- Mr. Perry, an apothecary of Highbury, acknowledges to Mr. Woodhouse that wedding-cake can be too heavy to be eaten and might disagree with many, though it seems rather against his bias of inclination. Mr. Woodhouse takes it for granted that Mr Perry himself would not touch it, yet this follows:
There was a strange rumour in Highbury of all the little Perrys being seen with a slice of Mrs. Weston's wedding-cake in their hands: but Mr. Woodhouse would never believe it.
- Emma feels the Coles have been getting too confident lately, considering themselves on equal footing with the first families in town. She finally feels they've crossed the line when she hears of their plans to host a party, and she cannot stand the thought of being insulted with the expectation she would attend, so she plans to put them in their place by refusing their invitation. Well, the invitations go out... and she doesn't get one. note
- When Emma hosts a party for Mrs. Elton, Mr. John Knightley is also present because he has just happened to bring his two eldest sons to stay with their grandpapa and aunt Emma. Mr.. John Knighley is concerned that they might be too much for her, and then there is a hilarious exchange between Emma, Mr Knightley and Mr. John Knightley, which amuses Mr. Knightley a great deal. However, narrator's sly comment at the end of the chapter takes the cake:
Mr. Knightley seemed to be trying not to smile; and succeeded without difficulty, upon Mrs. Elton's beginning to talk to him.
- Emma pays a visit to Mrs. and Miss Bates, during which Miss Bates eagerly insists on reading her a letter from Jane Fairfax. Miss Bates spends so long describing the contents of the letter that she never gets to the actual reading of it.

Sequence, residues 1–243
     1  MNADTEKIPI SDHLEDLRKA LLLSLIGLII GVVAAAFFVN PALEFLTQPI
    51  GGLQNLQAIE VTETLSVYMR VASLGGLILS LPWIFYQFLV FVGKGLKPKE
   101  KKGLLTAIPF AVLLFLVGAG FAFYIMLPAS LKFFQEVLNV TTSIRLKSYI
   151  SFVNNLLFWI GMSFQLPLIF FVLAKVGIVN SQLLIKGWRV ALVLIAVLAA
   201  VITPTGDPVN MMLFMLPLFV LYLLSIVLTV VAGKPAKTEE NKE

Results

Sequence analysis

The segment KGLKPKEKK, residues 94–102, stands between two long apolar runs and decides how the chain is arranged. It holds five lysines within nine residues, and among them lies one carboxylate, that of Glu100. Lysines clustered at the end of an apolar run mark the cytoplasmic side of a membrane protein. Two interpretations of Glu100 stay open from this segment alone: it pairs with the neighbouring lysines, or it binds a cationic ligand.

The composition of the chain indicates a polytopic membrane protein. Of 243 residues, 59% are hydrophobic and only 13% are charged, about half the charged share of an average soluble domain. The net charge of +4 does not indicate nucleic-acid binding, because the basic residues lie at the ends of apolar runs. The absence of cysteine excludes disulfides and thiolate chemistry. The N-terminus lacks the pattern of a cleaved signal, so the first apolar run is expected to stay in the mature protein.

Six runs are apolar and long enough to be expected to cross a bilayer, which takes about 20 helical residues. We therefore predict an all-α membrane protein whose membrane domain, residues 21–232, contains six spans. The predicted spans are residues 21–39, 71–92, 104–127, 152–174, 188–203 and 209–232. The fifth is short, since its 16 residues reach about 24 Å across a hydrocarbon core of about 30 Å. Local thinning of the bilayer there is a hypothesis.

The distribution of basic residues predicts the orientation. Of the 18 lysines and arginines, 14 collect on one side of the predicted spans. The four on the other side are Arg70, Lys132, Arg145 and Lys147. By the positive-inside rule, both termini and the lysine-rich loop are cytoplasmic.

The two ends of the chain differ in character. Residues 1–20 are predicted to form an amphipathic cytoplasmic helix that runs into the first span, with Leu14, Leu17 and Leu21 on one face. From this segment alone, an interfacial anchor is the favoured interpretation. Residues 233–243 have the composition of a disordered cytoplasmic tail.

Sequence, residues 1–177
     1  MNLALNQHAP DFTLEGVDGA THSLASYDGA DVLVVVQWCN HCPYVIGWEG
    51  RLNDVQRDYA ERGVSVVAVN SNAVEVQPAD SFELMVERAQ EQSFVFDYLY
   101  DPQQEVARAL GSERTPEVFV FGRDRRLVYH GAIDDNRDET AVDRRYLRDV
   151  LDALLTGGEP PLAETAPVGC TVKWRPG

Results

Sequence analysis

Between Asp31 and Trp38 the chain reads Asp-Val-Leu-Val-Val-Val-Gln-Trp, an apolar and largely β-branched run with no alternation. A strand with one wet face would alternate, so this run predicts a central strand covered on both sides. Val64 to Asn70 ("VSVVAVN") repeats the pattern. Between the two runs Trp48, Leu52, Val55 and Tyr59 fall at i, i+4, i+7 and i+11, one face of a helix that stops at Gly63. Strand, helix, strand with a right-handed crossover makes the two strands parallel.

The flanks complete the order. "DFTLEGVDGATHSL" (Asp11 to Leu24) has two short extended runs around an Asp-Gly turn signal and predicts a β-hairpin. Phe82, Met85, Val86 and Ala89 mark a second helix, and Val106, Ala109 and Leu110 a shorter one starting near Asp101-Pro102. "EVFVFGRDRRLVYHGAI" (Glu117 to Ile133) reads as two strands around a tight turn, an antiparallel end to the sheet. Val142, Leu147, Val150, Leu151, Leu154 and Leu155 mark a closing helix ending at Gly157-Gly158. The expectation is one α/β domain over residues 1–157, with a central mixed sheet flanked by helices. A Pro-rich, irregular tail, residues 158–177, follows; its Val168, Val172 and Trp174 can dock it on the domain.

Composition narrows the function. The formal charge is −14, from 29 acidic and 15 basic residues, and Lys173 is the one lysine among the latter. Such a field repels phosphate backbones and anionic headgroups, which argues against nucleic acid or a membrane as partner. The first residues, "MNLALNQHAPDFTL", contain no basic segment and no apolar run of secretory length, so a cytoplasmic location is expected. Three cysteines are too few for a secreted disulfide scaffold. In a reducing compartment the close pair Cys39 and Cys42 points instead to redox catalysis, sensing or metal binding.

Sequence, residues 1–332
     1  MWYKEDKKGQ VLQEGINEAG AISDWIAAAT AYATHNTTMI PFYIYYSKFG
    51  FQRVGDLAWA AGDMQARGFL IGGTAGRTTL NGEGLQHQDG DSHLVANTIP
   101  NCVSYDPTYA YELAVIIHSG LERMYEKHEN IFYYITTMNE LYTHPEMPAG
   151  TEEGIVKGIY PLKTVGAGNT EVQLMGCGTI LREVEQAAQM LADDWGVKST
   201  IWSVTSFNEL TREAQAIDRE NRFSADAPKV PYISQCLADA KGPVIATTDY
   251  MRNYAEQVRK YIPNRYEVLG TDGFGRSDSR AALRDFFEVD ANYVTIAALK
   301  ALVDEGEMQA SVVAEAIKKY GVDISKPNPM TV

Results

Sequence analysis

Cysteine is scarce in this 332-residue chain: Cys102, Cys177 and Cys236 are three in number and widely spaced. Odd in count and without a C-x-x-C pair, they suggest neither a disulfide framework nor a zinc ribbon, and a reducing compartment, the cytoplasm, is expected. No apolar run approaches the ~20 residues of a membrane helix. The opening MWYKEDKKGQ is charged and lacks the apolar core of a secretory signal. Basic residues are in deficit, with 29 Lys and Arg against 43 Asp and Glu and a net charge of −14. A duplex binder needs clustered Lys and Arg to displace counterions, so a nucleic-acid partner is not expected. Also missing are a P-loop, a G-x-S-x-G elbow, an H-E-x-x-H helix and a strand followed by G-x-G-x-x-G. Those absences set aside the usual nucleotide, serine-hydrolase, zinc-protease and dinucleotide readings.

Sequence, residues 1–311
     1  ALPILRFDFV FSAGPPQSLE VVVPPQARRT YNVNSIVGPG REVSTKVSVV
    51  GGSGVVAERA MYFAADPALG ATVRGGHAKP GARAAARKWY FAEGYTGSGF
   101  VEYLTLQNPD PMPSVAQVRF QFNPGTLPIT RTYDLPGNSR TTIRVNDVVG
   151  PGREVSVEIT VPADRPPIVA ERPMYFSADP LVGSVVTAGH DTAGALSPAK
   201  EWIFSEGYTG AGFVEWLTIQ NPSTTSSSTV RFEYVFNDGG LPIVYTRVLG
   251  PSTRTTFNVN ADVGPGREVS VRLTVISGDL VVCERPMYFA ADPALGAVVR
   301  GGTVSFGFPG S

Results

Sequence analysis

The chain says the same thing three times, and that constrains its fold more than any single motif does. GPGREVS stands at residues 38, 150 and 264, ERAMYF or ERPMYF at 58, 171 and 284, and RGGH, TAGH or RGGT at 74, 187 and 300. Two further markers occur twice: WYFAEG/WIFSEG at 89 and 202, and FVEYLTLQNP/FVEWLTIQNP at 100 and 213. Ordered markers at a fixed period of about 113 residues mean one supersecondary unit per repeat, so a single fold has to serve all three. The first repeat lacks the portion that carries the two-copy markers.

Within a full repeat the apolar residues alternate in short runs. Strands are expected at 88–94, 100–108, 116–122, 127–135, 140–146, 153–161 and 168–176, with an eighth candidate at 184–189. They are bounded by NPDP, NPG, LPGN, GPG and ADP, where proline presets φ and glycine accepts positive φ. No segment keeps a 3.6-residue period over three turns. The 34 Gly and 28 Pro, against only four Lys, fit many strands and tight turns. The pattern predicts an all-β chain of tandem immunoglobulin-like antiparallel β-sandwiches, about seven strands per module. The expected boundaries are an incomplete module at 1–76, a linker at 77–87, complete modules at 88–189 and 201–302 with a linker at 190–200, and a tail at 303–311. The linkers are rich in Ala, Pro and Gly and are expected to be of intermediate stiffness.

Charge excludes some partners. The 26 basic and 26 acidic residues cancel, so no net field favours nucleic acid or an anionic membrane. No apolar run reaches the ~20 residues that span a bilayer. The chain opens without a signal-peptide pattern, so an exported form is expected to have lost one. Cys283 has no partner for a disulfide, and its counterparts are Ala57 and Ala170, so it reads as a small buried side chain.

- At the climax, Mr. Knightley's emotions are expressed this way: Emma is low and dejected ("Frank Churchill is a villain!"). Emma never felt anything for Frank ("Frank Churchill is not so bad.") Emma loves Mr. Knightley ("Can't think of Frank Churchill right now, but he's probably a very good sort of fellow.")
- The Lemony Narrator gets in some good snark. For instance, when Emma meditates on Harriet's good heart and thinks that "to resemble her would be more for her own welfare and happiness could be more for her own welfare than all that genius and intelligence could do," the narration quickly disperses the idea:
Narrator: "It was rather too late in the day to set about being simple-minded and ignorant..."
- The archery scene: "Try not to kill my dogs."
- Emma's reaction to Mr. Elton's complimenting Harriet's (extremely sloppy) painting:
Emma: "Oh, my. He really must be in love!"
- Mr. Knightly remarks that Mr. Elton is so full of himself it's a wonder he can stay on the horse.
- Emma's long rant over Mrs. Elton upon first meeting her. She walks from home, through the town, and back, muttering angrily to herself all the while:
Emma: "Knightley! She calls him 'Knightley'! I've known him all my life and I don't call him that!"
- The general reaction to old Mrs. Churchill's death. John Knightly coldly but accurately points out that nobody liked her while she was alive, and he doesn't know why they should have to be sad—his wife makes a token disagreement but says it is very interesting. The Westons and Emma, meanwhile, try very hard to react properly and fail utterly.
Emma: I am so very happy at this... dreadful news!
- There is something rather humorous at Emma's utter melodrama when she bursts into Knightly's office, sobbing that she can never marry him in spite of her feelings, and runs away, leaving him bewildered.
- This Gilligan Cut:
Emma: (discussing the Box Hill party) "It shall be an intimate gathering and we shall only invite people we like!"Cut to:Mrs. Elton: "Box Hill! What marvelous idea!"